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Sunday, February 23, 2014

19. Spiritual Land Mine #7: Believing -- and not just believing in -- Jesus Christ (Part 1 of 3)

Note: This is one of a series of posts devoted to the study of D&C 93:1, and the 19th examining the phrase "calleth on my name".

It's Simple.  Really.


His name was Naaman.

Naaman the Aramean was a commander of the armies of Ben-Hadad II, the king of Aram Damascus, in the time of Joram, king of Israel.

He was also a leper.

When Naaman came to the prophet Elisha desiring to be healed, he expected the cure to be both difficult and expensive.  Yet when Elisha told him to go bathe in the Jordan seven times, "he turned and went away in a rage" (1 Kings 5:12), feeling insulted and put off by so simple a prescription. Fortunately, his servants were able to convince him to give the "too easy" remedy a try.  Naaman humbled himself, did the simple thing he was asked to do, and was healed.

It's called the Nehushtan (or Nehustan, in Hebrew; נחושתן or נחש הנחושת)  -- a sacred object in the form of a snake of brass upon a pole.

The Bible informs us that when the Israelites set out from Mount Hor, they had to detour around the land of Edom (Numbers 20:21,25).  Frustrated and impatient, they complained against Yahweh and Moses (Num. 21:4-5).  Consequently, God sent "fiery serpents" among them.  For the sake of repentant ones, Moses was instructed by God to build a "serpent of bronze" that was used to heal those who looked upon it (Numbers 21:4-9).  The Jews themselves say it was not the brazen serpent that cured; but in looking up to it, they figuratively looked up to the Lord, who healed them.
"And as Moses lifted up the serpent in the wilderness, even so must the Son of man be lifted up: That whosoever believeth in him should not perish, but have eternal life." (John 3:14-15)
Compare their disease and ours.  Sin bites like a serpent and stings like an adder.

Compare the application of their remedy and ours.  Just as they looked and lived (and often by means which human reason never would have devised), you also shall not perish...if you believe.

Looked at in a larger sense, you are to build your hopes upon Jesus Christ and His promises of eternal life (Mark 16:16).  For "he that believeth on the Son hath everlasting life" (John 3:36).  Jesus says again:
"Verily, I say unto you, he that heareth my words, and believeth on him that sent me, hath everlasting life, and shall not come into condemnation; but is passed from death unto life" (John 5:21). 
So, the real question is this:

Do You Believe Christ?


I'm sure that since you were a small child, you've believed in Christ.  You've seen pictures, paintings, drawings and sculptures of the Lord; you've read His words and maybe even felt His spirit as you've sung about Him.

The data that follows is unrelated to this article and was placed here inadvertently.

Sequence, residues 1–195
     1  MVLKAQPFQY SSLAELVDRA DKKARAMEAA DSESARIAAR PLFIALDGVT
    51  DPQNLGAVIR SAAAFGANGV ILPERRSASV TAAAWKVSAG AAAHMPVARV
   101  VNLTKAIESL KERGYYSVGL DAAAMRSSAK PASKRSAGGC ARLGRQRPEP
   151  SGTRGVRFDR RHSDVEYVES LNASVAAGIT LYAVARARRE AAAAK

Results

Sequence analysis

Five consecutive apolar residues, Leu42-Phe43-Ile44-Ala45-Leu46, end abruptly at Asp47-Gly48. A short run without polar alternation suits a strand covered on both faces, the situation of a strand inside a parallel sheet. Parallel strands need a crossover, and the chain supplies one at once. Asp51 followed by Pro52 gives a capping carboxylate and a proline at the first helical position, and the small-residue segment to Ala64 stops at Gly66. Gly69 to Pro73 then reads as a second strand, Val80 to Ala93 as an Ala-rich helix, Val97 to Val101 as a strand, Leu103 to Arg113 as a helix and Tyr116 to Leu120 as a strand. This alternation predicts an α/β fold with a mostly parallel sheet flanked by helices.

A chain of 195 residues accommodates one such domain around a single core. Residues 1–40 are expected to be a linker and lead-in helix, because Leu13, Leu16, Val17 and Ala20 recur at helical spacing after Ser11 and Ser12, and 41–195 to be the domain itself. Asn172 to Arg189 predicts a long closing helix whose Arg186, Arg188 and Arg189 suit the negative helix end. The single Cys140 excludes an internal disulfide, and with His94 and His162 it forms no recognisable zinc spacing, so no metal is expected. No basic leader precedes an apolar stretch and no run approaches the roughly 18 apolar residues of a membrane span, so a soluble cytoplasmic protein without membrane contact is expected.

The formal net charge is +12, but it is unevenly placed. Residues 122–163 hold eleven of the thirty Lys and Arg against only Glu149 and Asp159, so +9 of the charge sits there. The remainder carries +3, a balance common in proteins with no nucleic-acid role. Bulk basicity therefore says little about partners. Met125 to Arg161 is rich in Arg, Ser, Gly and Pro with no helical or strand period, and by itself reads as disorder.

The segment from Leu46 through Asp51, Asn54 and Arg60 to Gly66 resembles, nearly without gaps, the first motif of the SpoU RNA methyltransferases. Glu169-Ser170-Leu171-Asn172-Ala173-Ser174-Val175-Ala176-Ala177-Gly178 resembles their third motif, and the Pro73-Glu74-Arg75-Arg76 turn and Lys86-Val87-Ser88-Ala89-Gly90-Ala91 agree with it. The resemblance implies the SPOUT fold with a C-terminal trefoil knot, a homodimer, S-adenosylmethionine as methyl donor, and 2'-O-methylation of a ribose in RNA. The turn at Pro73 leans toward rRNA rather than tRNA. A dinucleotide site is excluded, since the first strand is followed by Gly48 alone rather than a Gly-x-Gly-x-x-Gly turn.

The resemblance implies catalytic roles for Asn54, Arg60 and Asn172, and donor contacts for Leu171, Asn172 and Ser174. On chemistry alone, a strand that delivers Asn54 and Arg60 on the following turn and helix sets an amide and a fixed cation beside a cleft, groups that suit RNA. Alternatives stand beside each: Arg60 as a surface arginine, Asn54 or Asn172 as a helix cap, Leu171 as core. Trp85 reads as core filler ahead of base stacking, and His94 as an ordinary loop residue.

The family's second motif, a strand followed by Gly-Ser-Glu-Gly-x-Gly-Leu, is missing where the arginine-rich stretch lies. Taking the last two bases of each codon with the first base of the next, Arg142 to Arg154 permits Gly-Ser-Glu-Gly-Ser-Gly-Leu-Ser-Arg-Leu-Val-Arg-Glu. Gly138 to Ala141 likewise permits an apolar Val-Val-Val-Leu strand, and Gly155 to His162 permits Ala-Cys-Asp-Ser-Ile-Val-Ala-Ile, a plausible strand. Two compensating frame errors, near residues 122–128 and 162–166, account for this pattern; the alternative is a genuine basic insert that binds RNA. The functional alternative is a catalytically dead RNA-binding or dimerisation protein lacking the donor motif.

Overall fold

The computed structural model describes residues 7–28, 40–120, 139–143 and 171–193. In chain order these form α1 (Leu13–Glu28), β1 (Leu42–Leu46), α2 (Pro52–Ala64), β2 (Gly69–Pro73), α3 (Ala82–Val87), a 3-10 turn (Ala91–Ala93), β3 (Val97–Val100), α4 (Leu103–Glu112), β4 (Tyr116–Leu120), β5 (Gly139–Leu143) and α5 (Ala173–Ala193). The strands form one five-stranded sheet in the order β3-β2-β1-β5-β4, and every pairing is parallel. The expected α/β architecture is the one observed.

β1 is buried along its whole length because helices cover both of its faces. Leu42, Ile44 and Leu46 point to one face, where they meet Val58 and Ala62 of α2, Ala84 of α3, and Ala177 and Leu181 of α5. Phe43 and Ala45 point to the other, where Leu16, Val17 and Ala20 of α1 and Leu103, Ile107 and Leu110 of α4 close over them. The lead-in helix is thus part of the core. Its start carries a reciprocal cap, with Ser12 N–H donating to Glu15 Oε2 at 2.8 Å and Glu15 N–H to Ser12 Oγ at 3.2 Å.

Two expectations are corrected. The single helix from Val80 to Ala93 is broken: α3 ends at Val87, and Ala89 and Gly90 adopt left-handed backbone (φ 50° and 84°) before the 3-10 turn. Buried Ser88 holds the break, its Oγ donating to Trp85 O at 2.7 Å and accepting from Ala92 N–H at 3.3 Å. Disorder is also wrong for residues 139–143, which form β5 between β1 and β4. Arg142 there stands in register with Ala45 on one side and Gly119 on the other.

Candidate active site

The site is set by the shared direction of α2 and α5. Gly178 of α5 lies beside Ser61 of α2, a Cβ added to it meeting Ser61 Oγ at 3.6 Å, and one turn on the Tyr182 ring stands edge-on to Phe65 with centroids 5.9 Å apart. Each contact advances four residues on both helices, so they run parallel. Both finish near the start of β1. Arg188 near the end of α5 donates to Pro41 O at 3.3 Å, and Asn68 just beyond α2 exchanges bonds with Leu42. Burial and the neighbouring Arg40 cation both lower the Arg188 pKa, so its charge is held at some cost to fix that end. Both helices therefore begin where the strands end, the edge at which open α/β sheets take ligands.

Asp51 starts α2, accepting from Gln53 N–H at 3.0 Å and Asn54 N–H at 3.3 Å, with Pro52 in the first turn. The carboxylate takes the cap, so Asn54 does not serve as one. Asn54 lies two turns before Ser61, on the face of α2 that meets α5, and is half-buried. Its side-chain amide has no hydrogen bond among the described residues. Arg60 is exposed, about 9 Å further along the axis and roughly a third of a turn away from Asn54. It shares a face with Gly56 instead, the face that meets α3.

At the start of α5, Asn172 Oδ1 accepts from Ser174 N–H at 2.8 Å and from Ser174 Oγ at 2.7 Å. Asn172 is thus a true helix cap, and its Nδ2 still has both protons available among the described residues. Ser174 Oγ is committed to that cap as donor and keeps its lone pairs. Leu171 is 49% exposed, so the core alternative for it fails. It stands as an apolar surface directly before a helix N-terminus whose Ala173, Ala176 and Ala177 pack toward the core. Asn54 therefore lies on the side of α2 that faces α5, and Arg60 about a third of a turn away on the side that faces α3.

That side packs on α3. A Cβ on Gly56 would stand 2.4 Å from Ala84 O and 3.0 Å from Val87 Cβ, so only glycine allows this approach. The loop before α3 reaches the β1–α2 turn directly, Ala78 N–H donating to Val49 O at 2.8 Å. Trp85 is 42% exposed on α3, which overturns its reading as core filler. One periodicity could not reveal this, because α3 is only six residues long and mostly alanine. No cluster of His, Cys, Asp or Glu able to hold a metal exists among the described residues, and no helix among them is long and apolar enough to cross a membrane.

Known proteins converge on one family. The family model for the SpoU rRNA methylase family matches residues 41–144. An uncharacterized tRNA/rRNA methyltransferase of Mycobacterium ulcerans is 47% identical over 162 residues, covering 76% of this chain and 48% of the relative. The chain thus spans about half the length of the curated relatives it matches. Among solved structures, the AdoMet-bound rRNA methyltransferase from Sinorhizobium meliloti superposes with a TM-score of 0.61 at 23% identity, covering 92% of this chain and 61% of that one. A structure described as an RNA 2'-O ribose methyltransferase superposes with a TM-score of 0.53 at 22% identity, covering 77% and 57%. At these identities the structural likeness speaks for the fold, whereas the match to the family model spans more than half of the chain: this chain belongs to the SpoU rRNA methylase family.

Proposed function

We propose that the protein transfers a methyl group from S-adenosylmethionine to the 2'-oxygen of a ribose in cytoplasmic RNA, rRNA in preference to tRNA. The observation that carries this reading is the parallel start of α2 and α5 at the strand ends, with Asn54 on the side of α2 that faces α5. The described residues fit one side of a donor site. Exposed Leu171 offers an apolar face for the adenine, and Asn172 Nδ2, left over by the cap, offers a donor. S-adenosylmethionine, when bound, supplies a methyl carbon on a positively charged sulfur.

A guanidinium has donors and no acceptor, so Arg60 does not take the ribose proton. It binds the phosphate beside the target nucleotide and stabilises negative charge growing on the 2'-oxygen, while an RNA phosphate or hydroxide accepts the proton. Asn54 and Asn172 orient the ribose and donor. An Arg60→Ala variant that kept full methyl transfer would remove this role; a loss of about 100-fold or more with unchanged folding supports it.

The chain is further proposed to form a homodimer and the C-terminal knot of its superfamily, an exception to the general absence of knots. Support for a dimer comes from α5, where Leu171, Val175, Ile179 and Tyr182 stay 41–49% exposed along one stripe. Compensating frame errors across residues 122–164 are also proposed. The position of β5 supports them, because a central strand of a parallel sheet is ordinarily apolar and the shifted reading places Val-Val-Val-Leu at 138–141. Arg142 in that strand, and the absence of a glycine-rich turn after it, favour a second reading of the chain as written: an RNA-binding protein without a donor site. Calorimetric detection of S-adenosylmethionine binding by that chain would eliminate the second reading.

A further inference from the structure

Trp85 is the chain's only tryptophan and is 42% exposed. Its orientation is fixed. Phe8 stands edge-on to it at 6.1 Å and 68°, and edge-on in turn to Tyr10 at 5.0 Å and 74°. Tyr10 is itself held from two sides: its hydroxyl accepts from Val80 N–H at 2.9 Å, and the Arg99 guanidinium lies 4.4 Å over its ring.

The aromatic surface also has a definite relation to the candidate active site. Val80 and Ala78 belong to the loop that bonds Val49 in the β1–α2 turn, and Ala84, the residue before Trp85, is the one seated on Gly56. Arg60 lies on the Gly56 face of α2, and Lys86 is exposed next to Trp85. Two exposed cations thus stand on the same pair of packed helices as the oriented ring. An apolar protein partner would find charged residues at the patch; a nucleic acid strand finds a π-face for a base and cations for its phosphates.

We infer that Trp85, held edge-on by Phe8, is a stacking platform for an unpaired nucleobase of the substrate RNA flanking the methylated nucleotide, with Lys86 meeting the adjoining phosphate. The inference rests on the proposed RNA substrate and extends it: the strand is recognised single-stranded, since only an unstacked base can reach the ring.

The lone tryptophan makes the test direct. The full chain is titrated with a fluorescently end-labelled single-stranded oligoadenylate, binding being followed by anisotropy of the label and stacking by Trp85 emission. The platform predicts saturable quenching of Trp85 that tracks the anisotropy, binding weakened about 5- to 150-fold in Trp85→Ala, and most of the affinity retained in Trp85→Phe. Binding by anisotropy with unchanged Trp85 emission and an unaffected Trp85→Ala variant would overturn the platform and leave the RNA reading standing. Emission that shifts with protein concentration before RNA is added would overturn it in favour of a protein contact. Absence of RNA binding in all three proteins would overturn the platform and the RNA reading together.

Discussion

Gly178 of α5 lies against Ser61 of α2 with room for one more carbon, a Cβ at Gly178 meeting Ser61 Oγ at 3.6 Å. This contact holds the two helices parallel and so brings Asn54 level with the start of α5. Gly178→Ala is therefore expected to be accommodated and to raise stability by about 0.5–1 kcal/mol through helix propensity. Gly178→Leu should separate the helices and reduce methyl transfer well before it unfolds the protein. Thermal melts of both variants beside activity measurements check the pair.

But there's a vast difference between "Believing in Christ" and "Believing Christ."
"The first Article of Faith specifies that we must have faith in the Lord Jesus Christ.  We often think that having faith in Christ means believing in his identity as the Son of God and the Savior of the world.  But believing in Jesus' identity as the Christ is only the first half of it.  The other half is believing in his ability, in his power to cleanse and to save -- to make unworthy sons and daughters worthy." (Stephen E. Robinson, Believing Christ: The Parable of the Bicycle and Other Good News, p.10).
It is one thing to believe in Christ (in that He is the Son of God) and another to believe Him (that He yearns to be closer to you, for you to hear His voice, be cleansed every whit by Him and, ultimately, to see His face).
"How do we identify true believers? Amid the cries "Lo, here is Christ; Lo, there," can we sift out those who truly believe from those who use gospel language without envisioning what the words really mean? It is one thing to believe Christ is the Son of God in some figurative way and another to believe that his Father has a body of flesh and bones as tangible as man's." (Elder Bruce R. McConkie, "The Promised Messiah: The First Coming of Christ", p. 294)
Come follow (who?), the Savior said?
"If we believe only in Christ without believing Christ, then we are like people sitting in cold, dark houses surrounded by unused lamps and heaters, people who believe in electricity but who never throw the switch to turn on the power. People like this often pretend to themselves and to others that merely believing in electricity makes them warm and gives them light, but they still shiver in the dark unless they turn on the power. Though the appliances may all work and the wiring may be in good order, until we accept the power itself, beyond merely believing in the theory of power, we cannot enjoy the warmth and the light. This is why genuine faith in Christ-active acceptance of his power and not just passive belief in his identity-is and must be the very first principle of the gospel. No matter how much of the gospel one learns or even believes as a theory, until we accept the reality of our own salvation, we have not yet turned on the power." (Stephen E. Robinson, Believing Christ: The Parable of the Bicycle and Other Good News, p.12)
So how do we turn on the power of faith, and start believing Christ?

Stay tuned for Part 2 of Land Mine #7....

1 comment:

  1. Great post! What role does sacrifice have in obtaining faith, revelation, dominion and standing before God? What does turning on faith look like. I look forward to your next post.

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